Just in time for the holiday season, singer-songwriter Ben Rector has wrapped up a new collection of festive tracks, and he gives HL an EXCLUSIVE track-by-track look at ‘A Ben Rector Christmas.’
The Christmas season is in full swing, and with the holiday season comes a sleigh’s worth of new holiday music. Among the brightly wrapped gifts is one special package that should be on everybody’s Christmas (play)list: Ben Rector’s A Ben Rector Christmas. With seven tracks of pure holiday delight, A Ben Rector Christmas sees the singer-songwriter put his own spin on such staples like “It’s The Most Wonderful Time of the Year,” “Frosty The Snowman,” and “The Christmas Song.”
While traditional Christmas music is often booming and boisterous, with swelling production that matches the immense scope of the season’s jubilation, A Ben Rector’s Christmas takes things down a quieter path. The music, for the most part, is more intimate and heartfelt. The tracks invoke feelings akin to the wonder of a lit-up Christmas tree or the calm on December 25, right before the kids see what Santa’s brought them.
This isn’t to say that A Ben Rector Christmas doesn’t swing. There’s plenty of excitement, especially when he gets to Donny Hathaway’s “This Christmas.” Ben went over his holiday album, track-by-track, with HollywoodLife, so find out why A Charlie Brown Christmas was a huge influence on the record, Ben’s favorite holiday movie, and more.
“The Thanksgiving Song”
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HollywoodLife: You recently revealed on your social media that the lyric video for “The Thanksgiving Song” is full of Easter Eggs regarding your life and career. What inspired you to do that? It seems like it was an early Christmas gift/game for your fans.
Ben Rector: I want to say those were my idea because it was a very clever one, but in reality, the director of that video came up with all of those. People found them quicker than I expected, some of them were really hidden well!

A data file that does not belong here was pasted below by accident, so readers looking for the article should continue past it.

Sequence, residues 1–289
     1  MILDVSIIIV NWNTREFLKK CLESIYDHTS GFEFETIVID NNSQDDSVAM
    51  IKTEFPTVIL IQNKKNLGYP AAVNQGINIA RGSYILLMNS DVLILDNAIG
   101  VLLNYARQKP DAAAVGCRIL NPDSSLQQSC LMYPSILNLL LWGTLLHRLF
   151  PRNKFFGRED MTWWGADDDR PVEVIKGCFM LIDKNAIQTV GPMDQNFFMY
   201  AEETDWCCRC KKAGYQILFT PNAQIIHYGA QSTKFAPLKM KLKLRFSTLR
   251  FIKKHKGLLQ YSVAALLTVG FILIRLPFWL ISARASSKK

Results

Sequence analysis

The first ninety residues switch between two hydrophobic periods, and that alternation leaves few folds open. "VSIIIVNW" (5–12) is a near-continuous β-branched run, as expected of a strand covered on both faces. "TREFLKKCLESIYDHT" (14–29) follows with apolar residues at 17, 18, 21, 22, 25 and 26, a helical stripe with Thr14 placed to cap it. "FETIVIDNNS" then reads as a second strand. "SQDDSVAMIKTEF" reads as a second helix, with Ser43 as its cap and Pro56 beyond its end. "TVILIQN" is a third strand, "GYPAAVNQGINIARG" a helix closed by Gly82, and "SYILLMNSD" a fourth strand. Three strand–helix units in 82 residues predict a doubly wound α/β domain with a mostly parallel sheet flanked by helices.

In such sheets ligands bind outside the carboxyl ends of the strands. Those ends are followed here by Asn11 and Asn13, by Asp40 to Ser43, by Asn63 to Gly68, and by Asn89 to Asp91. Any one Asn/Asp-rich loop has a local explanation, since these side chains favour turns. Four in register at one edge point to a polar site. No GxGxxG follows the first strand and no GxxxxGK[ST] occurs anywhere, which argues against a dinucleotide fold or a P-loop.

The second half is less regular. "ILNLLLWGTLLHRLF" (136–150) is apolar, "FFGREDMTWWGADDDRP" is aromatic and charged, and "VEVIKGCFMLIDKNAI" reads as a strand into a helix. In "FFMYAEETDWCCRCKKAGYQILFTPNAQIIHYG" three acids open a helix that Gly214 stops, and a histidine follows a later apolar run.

HL: Compared to the Andy Williams original, your take on “It’s The Most Wonderful Time Of The Year” is low-key in a jazzy, ‘mistle-toe over your cocktail glass’ kind of way. In fact, the arrangement on these songs is very succinct – more Charlie Brown Christmas tree and not Griswold light display. What made you decide to perform these songs that way on this album?
Ben: It’s so interesting that you say that because ‘A Charlie Brown Christmas’ was actually the biggest influence sonically and production-wise for the album. I love the way that album accomplishes the feeling of Christmas nostalgia without being big or orchestral, and with Covid, I knew that pulling together a string section or a horn section was unlikely. I also liked the challenge of trying to create a classic sound and emotion without some of the tools people would usually use to do that. I ended having group vocals sung into an old RCA ribbon mic be a character that ran through the album, and Buckley Miller (engineer and mixer) did an excellent job of capturing the instruments in a way that immediately takes you to what feels like a classic place.
HL: First off, do you have a favorite scene or moment in A Charlie Brown Christmas? Secondly, it’s an interesting move to include this on A Ben Rector Christmas. The song doesn’t have the vibrant, boisterous energy that other Christmas music has. It’s more subdued and quieter than most holiday music, and I think you capture that with your version. Why did you pick this song out of all the others available?
Ben: I’m not sure I have a favorite scene, but I do love it. I picked the song because I think it’s one of the most beautiful, melodically, and chordally of any Christmas song (or honestly just songs in general?) that I’ve heard. It feels just like a warm hug to me, just such rich colors and textures.